Personnel or contractors working at a height above which a fall could occur will need height safety and fall prevention equipment. A common misconception is that height means roof, and height equipment means ladder. Height safety is considerably more than a ladder.

Prior to undertaking work at heights, planning should include the suitability of height safety equipment and procedures. The work at height planning stage should include installing temporary or permanent fall prevention systems.

Examples include:

  • Roof safety mesh
  • Guard Railing
  • Roof anchor points
  • Barriers
  • Scaffolding
  • Elevating work platforms

Misconception 4: Height safety harnesses are all the same

All personal fall protection systems have specific purposes for specific height safety tasks. For safety systems to be effective, they need to be tailored to your specific work circumstances. For example, fall restraint equipment is designed to keep an employee in place and not allow a worker to fall from a height, whereas fall-arrest equipment is designed to reduce the stress and injury to a worker who has fallen.

Some important points to consider when assessing height safety equipment are:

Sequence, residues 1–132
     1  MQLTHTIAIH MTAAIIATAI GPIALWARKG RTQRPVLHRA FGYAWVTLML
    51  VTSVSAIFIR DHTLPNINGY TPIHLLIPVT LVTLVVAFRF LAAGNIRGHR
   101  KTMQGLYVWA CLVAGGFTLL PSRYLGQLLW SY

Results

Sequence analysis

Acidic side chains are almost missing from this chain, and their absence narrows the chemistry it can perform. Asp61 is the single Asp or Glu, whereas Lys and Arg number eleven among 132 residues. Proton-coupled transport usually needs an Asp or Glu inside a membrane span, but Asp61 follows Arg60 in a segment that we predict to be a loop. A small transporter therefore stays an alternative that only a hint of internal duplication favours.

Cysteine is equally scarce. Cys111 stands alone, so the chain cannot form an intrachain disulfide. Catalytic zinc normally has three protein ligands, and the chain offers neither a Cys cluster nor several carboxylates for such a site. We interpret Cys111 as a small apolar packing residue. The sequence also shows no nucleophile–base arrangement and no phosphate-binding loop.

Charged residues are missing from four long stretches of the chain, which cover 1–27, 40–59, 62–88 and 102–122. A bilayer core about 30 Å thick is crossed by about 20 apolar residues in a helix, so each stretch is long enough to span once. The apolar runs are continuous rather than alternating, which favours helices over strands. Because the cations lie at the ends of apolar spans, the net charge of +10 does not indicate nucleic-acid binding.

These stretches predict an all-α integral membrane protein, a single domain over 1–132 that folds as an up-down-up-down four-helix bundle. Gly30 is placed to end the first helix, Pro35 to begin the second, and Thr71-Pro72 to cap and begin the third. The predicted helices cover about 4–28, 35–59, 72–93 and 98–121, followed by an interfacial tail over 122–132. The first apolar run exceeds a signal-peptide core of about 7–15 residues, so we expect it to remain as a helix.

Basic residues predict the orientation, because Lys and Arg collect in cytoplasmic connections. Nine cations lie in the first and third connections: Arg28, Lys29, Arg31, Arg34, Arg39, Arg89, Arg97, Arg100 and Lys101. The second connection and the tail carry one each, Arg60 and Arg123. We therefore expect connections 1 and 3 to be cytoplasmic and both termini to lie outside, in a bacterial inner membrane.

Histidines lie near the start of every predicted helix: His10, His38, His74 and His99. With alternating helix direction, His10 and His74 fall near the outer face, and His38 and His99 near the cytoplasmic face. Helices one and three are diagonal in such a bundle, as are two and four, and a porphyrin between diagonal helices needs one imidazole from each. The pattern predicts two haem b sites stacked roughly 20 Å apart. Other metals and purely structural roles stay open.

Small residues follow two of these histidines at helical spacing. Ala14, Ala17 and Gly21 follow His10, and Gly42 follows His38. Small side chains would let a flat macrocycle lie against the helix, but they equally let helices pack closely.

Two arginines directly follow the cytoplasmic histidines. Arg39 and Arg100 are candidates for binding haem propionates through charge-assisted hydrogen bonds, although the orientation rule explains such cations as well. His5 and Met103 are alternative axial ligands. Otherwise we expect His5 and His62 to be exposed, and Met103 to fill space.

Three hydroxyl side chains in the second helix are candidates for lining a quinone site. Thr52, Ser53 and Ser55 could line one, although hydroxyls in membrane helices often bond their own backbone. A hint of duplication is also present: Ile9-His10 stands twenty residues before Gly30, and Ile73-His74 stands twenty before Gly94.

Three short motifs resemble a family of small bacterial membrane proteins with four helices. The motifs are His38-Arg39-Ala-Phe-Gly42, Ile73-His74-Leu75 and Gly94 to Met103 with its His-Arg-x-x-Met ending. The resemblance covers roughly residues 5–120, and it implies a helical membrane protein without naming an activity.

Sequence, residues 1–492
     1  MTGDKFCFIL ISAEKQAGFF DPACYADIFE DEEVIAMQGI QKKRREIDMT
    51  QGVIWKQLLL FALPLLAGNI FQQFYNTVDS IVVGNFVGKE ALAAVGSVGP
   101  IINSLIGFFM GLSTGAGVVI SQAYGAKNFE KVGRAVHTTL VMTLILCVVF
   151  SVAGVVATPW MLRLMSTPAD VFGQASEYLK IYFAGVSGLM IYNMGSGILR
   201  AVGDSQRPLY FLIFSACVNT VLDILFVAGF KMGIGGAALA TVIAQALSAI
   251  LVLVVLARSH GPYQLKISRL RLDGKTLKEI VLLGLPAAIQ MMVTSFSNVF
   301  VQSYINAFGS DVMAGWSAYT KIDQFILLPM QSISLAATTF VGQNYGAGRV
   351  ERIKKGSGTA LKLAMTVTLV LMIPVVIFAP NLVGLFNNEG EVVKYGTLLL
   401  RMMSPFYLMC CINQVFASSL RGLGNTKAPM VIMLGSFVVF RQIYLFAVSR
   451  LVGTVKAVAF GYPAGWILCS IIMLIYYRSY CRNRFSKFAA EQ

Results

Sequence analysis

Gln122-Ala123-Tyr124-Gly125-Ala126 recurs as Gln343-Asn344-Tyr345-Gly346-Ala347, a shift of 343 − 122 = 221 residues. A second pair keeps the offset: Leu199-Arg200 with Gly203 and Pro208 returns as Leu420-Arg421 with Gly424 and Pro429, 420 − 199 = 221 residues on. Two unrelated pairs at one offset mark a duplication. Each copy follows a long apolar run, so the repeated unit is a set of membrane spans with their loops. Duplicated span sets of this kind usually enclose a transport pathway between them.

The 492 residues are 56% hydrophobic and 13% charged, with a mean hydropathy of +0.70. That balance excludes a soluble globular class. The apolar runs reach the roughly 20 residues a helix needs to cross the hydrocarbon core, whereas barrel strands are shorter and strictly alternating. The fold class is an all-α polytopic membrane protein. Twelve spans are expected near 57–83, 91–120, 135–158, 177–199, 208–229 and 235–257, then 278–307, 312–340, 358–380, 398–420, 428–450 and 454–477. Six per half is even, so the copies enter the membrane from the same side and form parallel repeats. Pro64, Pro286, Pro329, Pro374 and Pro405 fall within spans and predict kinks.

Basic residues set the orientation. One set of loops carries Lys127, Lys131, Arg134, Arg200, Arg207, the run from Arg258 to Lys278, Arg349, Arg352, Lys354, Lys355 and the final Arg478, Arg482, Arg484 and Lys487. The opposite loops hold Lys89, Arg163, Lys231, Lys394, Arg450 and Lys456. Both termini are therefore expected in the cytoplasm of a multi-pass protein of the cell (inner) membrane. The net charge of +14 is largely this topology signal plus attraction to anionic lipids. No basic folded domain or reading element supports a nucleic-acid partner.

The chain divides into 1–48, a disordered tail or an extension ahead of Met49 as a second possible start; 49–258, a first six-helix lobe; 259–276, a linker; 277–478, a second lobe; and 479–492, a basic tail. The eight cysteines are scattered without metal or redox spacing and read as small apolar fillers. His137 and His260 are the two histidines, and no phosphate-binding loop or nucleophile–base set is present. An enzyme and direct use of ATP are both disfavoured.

• Anchor points need to be spaced correctly
  • A full body harness must be fitted correctly to function safely
  • Harnesses are not one-size-fits-all. Ensure workers use the right size harnesses, and that they can properly adjust harnesses sizing so they fit correctly

Do your research and identify what you really need. Choose a supplier who genuinely has employee, contractor, and safety at heart, who will go beyond ticking compliance boxes to provide a safe and practical system that is fit for purpose based on your work requirements.

Misconception 5: A quick height safety induction with a supervisor is sufficient training

Proper height safety training is fundamental when working at heights. Workers who work at height require education to identify, control, and eliminate the risks involved with work conducted at height.

Train your staff to work safely at heights, train in how to effectively respond to height incidents, or how to safely complete a vertical rescue, to ensure that your staff can effectively respond to a work at height emergency. Ensure that training is current and they enrol for refresher training to remain current with industry best practices and to be re-assessed as competent to carry out work at height tasks.

Falls can be debilitating and deadly. Don’t compromise with poor height safety training or equipment that is not fit for purpose. Tailor equipment, safety procedures, and fall protection systems to your specific circumstances.

Fire and Safety Australia are nationally accredited and IS09001-2015 quality certified in all of our height safety training. FSA is here to assist you in identifying your height safety needs. We can visit your facility and tailor training and equipment accordingly. We will ensure your safety procedures are compliant with Australian Standards.

Contact Fire and Safety Australia today and ensure your height safety training is suitable for your particular requirements.